Journal of the New Zealand Medical Association, 13-September-2002, Vol 115 No 1161
Proceedings of the Scientific Meeting of the Christchurch Medical Research Society, Friday 2 November 2001
NF-κB activation in pulmonary inflammatory cells from premature infants with respiratory distress syndrome. F C Cheah1,2, C C Winterbourn1, B A Darlow2, M C M Vissers1. 1Free Radical Research Group, Department of Pathology; 2Department of Paediatrics, Christchurch School of Medicine and Health Sciences, University of Otago, Christchurch.
Respiratory distress syndrome (RDS) is the most common pulmonary disorder affecting premature infants. Progression of RDS to chronic lung disease (CLD) of prematurity has been described as the neonatal pulmonary injury sequence. Inflammatory and oxidative damage and the lack of lung defence capacity, are the major factors involved. As activation of the cellular transcription factor, nuclear factor kappa-B (NF-κB), has been implicated in amplification of the inflammatory process in lung injury, we have investigated whether NF-κB activation occurs in premature infants with RDS.
Tracheal aspirate samples from mechanically ventilated infants were collected and the cells separated to be fixed for immunocytochemistry. Using an antibody targeting the p65 subunit of NF-κB and counter-staining this with anti-IgG-Cy3 antibody, the activation state of NF-κB was determined by its location in the cell; cytoplasm (inactive NF-κB), or nucleus (activated NF-κB).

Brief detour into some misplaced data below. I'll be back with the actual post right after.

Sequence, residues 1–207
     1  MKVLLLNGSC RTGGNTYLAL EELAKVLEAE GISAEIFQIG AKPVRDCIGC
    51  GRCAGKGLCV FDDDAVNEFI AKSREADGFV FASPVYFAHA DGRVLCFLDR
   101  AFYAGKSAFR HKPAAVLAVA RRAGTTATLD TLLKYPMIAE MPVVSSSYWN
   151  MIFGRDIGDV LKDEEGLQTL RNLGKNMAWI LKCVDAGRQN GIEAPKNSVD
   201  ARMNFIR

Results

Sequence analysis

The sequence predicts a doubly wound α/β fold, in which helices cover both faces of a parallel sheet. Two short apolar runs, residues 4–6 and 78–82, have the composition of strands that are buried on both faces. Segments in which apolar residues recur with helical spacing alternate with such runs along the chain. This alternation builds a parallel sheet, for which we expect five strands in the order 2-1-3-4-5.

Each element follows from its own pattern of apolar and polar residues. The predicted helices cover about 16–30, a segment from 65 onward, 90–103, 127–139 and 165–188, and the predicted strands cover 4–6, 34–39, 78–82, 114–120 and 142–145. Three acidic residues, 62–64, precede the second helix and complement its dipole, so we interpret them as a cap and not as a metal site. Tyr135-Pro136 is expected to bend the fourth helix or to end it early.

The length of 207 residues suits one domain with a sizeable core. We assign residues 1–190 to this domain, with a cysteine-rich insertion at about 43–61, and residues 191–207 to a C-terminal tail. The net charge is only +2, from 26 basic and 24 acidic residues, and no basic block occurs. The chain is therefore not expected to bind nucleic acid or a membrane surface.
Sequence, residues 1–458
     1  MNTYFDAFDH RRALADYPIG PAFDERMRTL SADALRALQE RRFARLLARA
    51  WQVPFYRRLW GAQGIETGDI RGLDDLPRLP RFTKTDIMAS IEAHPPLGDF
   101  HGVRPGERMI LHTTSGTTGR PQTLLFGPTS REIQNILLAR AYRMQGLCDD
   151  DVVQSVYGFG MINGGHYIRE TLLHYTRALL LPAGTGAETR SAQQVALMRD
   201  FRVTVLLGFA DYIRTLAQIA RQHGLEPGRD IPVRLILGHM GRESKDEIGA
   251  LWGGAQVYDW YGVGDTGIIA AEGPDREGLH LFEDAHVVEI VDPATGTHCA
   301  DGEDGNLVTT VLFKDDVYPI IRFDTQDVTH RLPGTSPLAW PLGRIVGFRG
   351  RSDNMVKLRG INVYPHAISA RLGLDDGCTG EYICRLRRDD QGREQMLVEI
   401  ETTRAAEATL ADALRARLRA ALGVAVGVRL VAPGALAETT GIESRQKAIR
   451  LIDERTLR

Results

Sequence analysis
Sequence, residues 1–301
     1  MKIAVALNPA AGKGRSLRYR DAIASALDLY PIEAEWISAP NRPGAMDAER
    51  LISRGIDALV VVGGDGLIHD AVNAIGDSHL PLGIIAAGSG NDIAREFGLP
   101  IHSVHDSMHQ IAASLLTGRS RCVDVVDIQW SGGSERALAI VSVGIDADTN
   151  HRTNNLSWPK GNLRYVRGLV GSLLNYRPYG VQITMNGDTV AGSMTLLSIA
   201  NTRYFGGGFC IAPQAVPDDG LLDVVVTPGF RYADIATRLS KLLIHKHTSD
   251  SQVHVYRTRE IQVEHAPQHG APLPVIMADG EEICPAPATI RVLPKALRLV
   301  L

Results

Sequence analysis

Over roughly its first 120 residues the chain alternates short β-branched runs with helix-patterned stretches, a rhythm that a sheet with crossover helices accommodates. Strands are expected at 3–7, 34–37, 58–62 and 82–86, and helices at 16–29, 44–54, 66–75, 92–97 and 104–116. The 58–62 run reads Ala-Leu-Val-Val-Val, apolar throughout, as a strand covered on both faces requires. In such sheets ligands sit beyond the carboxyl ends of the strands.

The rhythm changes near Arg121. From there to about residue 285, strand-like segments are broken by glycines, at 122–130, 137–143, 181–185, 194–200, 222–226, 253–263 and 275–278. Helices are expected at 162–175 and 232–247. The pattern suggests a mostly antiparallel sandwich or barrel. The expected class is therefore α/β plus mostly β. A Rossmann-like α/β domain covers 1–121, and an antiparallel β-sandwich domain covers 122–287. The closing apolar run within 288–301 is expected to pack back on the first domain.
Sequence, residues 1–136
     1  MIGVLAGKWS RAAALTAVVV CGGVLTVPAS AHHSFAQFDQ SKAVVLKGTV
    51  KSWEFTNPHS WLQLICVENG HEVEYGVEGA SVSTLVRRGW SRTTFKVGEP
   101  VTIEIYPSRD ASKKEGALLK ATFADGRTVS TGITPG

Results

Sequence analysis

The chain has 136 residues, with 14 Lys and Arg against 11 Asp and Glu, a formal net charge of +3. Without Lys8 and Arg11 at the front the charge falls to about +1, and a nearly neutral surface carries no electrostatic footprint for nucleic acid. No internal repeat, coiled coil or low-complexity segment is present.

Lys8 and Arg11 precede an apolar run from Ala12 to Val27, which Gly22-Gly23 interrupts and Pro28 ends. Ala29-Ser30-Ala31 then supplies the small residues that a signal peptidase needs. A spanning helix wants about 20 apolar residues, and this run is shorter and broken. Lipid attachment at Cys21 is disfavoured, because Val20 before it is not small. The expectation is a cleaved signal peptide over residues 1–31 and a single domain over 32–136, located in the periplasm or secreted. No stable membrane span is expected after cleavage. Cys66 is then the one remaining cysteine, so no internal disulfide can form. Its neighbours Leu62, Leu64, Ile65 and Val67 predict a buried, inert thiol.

The median gestation and birth weight of 20 premature infants who provided 58 tracheal aspirate samples, were 27 weeks and 795 g respectively. Fourteen infants (70%) had samples containing cells that showed activated NF-κB. Neutrophils were the predominant cells showing this activation in the first week of life. Macrophages with activated NF-κB were mainly seen in later aspirate samples. Occasionally, groups of epithelial cells were present but none showed activated NF-κB. Five infants with Ureaplasma urealyticum in their tracheal aspirates also showed NF-κB activation, and in two the activation continued despite treatment with erythromycin. Two thirds of infants with aspirates showing NF-κB activation progressed to develop CLD.
NF-κB activation in pulmonary inflammatory cells of premature infants with RDS indicates that these cells could amplify the inflammation that occurs in the neonatal pulmonary injury sequence. Inhibiting NF-κB activation may potentially limit acute lung injury and prevent the progression to CLD.
Urocortin-1 adsorption: implications for dose administration. M Whitteker1, M E Davis2, E J Begg1, G Hammond2, J Livesey2, M G Nicholls2, A M Richards2, Timothy G Yandle2. 1Department of Clinical Pharmacology, Christchurch Hospital; 2Christchurch Cardioendocrine Research Group, Christchurch Hospital and Christchurch School of Medicine.